Goal Diggerby Andy Davis / 29.10.2009
Siphiwe Tshabalala is someone to watch out for at next year’s soccer showcase. If Bafana is going to shock the nation and actually play good football at next year’s World Cup showcase, the team needs to be built around players like Benni McCarthey, Steven Pienaar and Matthew Booth. That’ll give us a backbone of experienced quality international players in each quadrant of the field. That’ll give equally talented but more inexperienced players like Siphiwe Tshabalala the chance to shine.
Siphiwe Tshabalala possesses something that Bafana players of late have tended to lack. Vision. He makes things happen on the field. He’s a player with good close control and an eye for defense splitting passes and a knack for timing his run down the left wing. He also has a punishing left foot. Born in Phiri, Soweto back in ‘ 84, Lawrence Siphiwe Tshabalala showed his talent for the beautiful game from an early age. He made the grade and played for the local Phiri Movers before he was inducted into the Kaizer Chiefs youth development system. He came through their ranks before being farmed out to Alex United in the 03/04 season and then played for Free State Stars from 04 to 07, after which he made a triumphant return to Kaizer Chiefs where he is the lynchpin of their midfield. Former Bafana coach Ted Dumitru saw Tshabalala’s potential and picked him for the national side at the tender of age of 20. And he hasn’t looked back since, scoring goals in the 3-0 win over Paraguay, the 1-0 win over Guinea and the 2-1 drubbing of Norway in Rustenberg earlier this year. Many believe that former Bafana coach Joel Santana hasn’t used Siphiwe Tshabalala enough, preferring him as a super-sub later in the game. Hopefully Parreira will see things differently. We hooked up with Siphiwe at the newly built Orlando Stadium to bounce some questions…
Where were you Born
I was born in Phiri, Soweto, just 7 minutes west from the Orlando Stadium here.
How does living here inspire you?
A lot of things happen in the Jozi. Even before I was born. For me to live in a place that has such a rich history really means a lot.
Growing up here, did you ever think you’d make a career out of football?
Ja, I had that belief when I was still young. Every kid on the street played soccer, but at the age of 10 I realised I had potential and that I could make something out of this. So that’s when it all started.
What happened when you were 10?
I was very good at soccer. Very skillful and I was always playing with the older guys.
Which team did you support growing up?
Kaizer Chiefs all the way!
Which players in the National set up inspire you?
Benni McCarthey. I adore good things. I like copying good things. I’m not jealous. Teko Modise is doing well and Steven Pienaar.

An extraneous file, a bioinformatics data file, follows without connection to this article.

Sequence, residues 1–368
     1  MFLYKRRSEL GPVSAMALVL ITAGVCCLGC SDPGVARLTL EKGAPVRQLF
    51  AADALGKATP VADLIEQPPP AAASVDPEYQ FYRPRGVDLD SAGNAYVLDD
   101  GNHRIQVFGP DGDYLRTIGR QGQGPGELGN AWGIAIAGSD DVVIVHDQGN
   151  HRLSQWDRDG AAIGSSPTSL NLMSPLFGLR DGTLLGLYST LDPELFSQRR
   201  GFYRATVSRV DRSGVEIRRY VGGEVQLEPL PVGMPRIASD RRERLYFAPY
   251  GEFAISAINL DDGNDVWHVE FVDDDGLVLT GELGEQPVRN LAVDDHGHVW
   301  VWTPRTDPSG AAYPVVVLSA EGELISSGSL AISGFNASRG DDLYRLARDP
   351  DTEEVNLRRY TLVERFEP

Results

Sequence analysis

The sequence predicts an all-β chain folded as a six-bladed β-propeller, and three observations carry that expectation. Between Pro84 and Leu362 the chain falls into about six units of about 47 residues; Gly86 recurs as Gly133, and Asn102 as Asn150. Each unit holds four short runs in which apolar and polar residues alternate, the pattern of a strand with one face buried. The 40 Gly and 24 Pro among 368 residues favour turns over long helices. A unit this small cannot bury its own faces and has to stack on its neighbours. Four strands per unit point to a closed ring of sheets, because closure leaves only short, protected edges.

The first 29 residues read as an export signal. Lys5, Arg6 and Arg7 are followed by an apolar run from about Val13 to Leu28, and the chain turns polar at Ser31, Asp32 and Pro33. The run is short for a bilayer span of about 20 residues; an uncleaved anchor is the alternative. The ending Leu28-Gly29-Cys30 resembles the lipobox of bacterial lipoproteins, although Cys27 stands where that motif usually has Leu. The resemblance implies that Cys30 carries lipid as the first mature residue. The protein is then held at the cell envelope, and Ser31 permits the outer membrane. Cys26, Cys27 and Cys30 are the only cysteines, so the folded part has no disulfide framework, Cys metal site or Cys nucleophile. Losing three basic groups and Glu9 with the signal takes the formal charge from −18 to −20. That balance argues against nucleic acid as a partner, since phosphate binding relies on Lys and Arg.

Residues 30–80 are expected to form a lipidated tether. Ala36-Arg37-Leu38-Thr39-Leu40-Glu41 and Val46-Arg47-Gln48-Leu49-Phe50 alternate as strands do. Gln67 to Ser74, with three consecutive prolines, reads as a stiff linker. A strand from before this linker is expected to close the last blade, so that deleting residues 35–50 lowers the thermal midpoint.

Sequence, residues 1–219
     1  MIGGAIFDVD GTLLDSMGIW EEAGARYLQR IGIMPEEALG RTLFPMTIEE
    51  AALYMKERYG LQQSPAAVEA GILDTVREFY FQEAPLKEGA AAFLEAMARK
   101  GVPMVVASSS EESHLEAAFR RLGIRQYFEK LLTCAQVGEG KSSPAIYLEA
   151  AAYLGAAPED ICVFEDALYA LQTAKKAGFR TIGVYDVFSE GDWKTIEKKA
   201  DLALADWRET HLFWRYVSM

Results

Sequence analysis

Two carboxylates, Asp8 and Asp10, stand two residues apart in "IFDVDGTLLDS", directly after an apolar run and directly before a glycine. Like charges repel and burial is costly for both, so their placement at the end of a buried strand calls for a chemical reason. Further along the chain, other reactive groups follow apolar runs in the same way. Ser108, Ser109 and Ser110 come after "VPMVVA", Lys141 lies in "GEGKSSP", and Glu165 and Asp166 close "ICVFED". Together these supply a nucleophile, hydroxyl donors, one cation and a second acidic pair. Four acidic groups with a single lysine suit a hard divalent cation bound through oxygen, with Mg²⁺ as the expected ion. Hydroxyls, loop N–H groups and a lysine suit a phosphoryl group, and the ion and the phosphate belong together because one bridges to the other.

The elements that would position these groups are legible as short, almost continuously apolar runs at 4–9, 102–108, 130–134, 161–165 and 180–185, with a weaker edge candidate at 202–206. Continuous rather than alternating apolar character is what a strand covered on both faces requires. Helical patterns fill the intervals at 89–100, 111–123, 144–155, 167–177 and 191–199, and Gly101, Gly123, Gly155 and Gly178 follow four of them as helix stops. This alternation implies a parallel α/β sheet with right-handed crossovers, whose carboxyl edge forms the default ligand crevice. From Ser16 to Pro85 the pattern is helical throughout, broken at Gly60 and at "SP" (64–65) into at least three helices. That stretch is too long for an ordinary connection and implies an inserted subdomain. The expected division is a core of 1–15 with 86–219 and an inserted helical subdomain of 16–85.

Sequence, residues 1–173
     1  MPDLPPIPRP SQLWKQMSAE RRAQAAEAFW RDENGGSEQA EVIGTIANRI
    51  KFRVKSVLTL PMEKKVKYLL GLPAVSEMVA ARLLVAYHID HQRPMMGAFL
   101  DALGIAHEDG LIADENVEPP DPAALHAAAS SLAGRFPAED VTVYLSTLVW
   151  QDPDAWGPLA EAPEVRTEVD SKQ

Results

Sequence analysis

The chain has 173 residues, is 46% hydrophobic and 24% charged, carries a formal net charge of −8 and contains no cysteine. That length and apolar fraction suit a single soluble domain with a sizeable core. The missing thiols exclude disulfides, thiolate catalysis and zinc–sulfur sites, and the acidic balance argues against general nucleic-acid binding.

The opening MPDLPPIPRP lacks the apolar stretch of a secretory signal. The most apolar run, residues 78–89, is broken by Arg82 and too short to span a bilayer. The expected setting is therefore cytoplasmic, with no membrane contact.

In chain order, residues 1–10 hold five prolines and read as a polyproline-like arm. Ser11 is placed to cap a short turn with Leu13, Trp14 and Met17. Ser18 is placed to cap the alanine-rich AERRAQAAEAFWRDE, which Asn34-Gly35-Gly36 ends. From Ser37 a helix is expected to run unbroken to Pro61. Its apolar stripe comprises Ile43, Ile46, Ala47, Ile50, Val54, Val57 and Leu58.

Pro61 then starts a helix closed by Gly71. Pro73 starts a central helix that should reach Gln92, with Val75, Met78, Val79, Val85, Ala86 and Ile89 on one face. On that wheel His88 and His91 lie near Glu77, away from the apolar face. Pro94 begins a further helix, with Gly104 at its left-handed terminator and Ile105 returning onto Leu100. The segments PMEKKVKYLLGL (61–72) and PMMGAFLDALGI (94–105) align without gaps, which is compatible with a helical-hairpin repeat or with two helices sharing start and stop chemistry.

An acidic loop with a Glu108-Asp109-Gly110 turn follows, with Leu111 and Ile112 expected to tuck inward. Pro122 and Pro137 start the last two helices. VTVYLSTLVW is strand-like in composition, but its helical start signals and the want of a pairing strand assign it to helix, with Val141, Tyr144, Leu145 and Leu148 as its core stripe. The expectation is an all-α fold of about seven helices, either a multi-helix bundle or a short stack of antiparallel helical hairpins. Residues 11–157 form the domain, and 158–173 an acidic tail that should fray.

Which players are you looking forward to matching on the field at next year’s World Cup?
Messi, Ronaldo, Xavi and Iniesta. I like their style of play, the way they control the ball and the way they move. Every time they play, they take charge of the game.
Have you got something special you want to show them on the field next year?
It’s about believing in yourself. When you get on the field you must have confidence and forget about everything, put your focus on the game from the first whistle to the last.
What makes you perform on the field?
Whenever I take the field I know my family is behind me, God is behind me and the supporters fill the stadium to watch me play.
What are your hopes and aspirations for after the World Cup?
To play overseas. I want to go to England.
Are people knocking on the door yet?
It’s just speculation, but I’d love to play there.
Currently you’re playing off the bench for Bafana. Is that frustrating?
Ja, but for me to be there is great. If given a chance, I’ll do my best. It’s not easy but I just try and keep it positive.
Tell us about your family.
It’s just me and my younger sister. She’s 11. I look after her.
How do you relate to being a celebrity?
Ja it’s not easy to be famous, to be a public figure. You know I’m a role model, I can’t drink in public. I have to look after myself. Once I’ve achieved my goals, I can start doing such things, but not yet. And I don’t drink.
What if you win the Champions League and there’s some champagne?
Ja, two sips will do.
If you weren’t a professional football player what would you be?
I wanted to be a chartered accountant.
Did you want to be a CA because you like numbers or because you want to make a lot of money?
I wanted to make a lot of money, because I didn’t have a good understanding of finance.
But now you earn a lot of money as a football player?
It’s not a lot, but it puts food on the table.
What will you do when your career is over.
I’m saving as much as I can and I’m investing in property. So when I retire from football I’ll probably continue doing that.
Where can we find you online?
No, I deactivated my Facebook account. There are too many stories there. You find you’re married or engaged to some people you don’t even know. But I might get into this Twitter thing.
What is your career highlight so far?
To wear the boot that has my name on it. To be the frontman of Nike AIR 360. I was the first one to get this boot in Africa.
So they make a signature boot with your name on it.
Ja, I’m honoured and privileged.
Find out more about Siphiwe and the other Nike IAM1 Revolutionaries here.